Over the past five years, approximately one-quarter of the experienced teachers in Connecticut have been involved in our assessments, whether as cooperating teachers, mentors, or assessors. The majority of participating science teachers have reported that their involvement has had a positive effect on their own teaching. For this reason, we want experienced teachers to continue as active participants in the orientation of beginning teachers. As these teachers helped evaluate the portfolios, they had an opportunity to discuss the meaning of the teaching standards and to refine their understanding of the complexities of teaching science in today's classrooms, in which all students are expected to learn meaningful science.
Similarly, several of the college educators who helped develop the teaching standards and portfolios have incorporated elements of both into their preservice methods courses. It also appears likely that the new standards for certifying teachers will be incorporated into future practices for accrediting institutions of higher education.

Pros and Cons

After two years of experience with portfolio-based assessments of science teachers, we recognize both the importance and difficulty of this work. Articulation of teaching standards helps to clarify what constitutes effective teaching for both beginning and experienced teachers. Successful implementation and documentation of this teaching, however, requires careful support and research. The use of portfolios raises questions about the time needed, the inequities of teachers' access to resources, and support system in schools.
In evaluating the portfolios, other challenges surface, such as the effect of professional judgment on the reliability of scoring and the need for informative, yet efficient feedback mechanisms. But we are also reminded of the many ways in which the portfolio process itself can benefit teachers. In general, we have found that portfolios are a valuable assessment tool.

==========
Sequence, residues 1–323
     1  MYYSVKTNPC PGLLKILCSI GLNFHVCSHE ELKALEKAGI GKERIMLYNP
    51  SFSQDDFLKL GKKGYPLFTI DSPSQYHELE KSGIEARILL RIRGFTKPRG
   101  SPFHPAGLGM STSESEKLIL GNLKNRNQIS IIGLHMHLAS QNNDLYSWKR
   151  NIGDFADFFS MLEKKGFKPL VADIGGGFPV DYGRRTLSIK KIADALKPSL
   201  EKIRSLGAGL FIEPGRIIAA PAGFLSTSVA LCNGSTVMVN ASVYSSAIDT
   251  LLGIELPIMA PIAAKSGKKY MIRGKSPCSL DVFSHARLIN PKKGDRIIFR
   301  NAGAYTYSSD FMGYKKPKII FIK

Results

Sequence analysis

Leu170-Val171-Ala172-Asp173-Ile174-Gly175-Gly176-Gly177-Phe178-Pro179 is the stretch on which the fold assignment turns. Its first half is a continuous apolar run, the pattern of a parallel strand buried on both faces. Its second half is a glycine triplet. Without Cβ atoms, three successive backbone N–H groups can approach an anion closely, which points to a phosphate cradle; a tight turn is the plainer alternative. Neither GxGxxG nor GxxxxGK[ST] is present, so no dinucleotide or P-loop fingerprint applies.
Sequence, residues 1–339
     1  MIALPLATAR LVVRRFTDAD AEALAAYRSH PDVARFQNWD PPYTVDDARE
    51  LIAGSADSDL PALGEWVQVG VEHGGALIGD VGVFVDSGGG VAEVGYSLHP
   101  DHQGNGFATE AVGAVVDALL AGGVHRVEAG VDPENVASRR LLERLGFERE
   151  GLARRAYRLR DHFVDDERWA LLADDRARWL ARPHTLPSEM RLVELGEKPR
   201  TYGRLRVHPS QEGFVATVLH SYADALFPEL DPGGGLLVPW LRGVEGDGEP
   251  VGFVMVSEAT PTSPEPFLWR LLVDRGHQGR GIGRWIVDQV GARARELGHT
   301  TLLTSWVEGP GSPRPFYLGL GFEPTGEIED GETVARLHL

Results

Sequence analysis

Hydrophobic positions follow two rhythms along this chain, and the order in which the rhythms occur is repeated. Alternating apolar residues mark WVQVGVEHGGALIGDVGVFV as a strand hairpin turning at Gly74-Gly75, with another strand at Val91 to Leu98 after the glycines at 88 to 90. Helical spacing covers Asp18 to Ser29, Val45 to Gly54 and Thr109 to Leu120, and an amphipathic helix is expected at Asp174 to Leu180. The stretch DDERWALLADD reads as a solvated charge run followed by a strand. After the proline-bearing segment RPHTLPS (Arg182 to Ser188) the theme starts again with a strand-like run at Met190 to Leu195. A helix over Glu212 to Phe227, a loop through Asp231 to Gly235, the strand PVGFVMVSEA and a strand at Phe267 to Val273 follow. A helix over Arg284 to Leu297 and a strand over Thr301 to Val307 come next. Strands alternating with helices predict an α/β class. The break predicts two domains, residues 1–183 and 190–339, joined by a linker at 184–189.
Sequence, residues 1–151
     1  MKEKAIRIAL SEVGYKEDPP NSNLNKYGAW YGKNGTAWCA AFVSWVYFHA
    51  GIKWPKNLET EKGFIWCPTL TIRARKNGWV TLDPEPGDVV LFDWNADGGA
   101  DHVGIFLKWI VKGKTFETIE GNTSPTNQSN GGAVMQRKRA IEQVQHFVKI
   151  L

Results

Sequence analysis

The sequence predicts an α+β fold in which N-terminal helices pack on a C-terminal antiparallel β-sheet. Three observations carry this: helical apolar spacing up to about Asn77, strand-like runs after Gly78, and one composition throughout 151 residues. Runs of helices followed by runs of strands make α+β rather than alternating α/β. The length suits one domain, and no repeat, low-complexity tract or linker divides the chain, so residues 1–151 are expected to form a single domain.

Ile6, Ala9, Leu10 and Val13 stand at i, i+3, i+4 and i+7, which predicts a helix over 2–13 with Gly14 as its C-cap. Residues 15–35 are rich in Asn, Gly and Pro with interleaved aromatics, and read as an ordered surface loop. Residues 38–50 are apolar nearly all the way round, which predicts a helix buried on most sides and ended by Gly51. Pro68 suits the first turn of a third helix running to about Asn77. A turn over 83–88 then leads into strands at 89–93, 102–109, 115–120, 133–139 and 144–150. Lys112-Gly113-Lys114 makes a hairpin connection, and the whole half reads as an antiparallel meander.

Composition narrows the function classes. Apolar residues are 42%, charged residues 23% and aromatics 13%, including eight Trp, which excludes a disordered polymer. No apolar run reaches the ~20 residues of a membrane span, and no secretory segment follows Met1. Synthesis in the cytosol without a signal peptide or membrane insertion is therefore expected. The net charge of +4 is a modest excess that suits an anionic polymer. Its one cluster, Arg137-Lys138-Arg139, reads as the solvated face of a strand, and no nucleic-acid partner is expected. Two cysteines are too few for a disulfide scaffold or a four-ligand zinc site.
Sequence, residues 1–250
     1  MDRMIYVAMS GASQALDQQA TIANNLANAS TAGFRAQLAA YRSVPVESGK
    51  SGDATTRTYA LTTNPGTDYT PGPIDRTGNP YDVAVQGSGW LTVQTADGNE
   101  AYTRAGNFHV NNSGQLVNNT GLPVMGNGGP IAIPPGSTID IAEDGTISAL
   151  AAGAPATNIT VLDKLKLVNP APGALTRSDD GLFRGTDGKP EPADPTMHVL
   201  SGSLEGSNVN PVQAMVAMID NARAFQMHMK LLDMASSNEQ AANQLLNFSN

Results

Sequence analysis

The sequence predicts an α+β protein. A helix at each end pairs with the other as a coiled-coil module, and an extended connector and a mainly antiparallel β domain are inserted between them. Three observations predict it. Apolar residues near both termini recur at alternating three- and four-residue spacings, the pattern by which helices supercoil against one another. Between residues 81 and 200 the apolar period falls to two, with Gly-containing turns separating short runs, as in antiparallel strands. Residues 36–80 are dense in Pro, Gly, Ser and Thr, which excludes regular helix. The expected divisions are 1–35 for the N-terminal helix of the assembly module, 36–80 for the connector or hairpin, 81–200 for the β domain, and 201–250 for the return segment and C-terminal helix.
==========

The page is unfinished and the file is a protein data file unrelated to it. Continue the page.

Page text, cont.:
What is evident, too, is that portfolio-based assessment activities stimulate both statewide and local conversations about the central issues of teaching and learning. We hope that over time, we will be able to address satisfactorily many of the unresolved issues and challenges that portfolio-based assessment poses.

Collins, A. (1993). “Performance-Based Assessment of Biology Teachers: Promises and Pitfalls.” Journal of Research in Science Teaching 30: 1103–1120.

Connecticut State Department of Education. (1986). Connecticut Assessment of Educational Progress in Science. Summary and Interpretations. Hartford: CSDE.

Lomask, M. (1994). Science Educator Support and Assessment Program. Connecticut State Department of Education internal publication.

Lomask, M., J. B. Baron, and J. Greig. (1993). “Alternative Student Assessment in Science.” In Assessment As an Opportunity to Learn, Final Report to the National Science Foundation for Grant SPA-8954692, edited by J. B. Baron. Hartford: Connecticut State Department of Education.

National Research Council. (1994). Draft National Science Education Standards. Washington, D.C.: National Academy Press.

Pecheone, R. L., J. B. Baron, P. D. Forgione, and S. Abeles. (1988). “A Comprehensive Approach to Teacher Assessment: Examples from Math and Science.” In This Year in School Science 1988: Science Teaching: Making the System Work, edited by A. B. Champagne. Washington D.C.: American Association for the Advancement of Science.

Project 2061. (1989). Science for All Americans. Washington, D. C.: American Association for the Advancement of Science.

Shulman, L. S. (1986). “Those Who Understand: Knowledge Growth in Teaching.” Educational Researcher 15: 4–14.

Michal S. Lomask has been a contributor to Educational Leadership.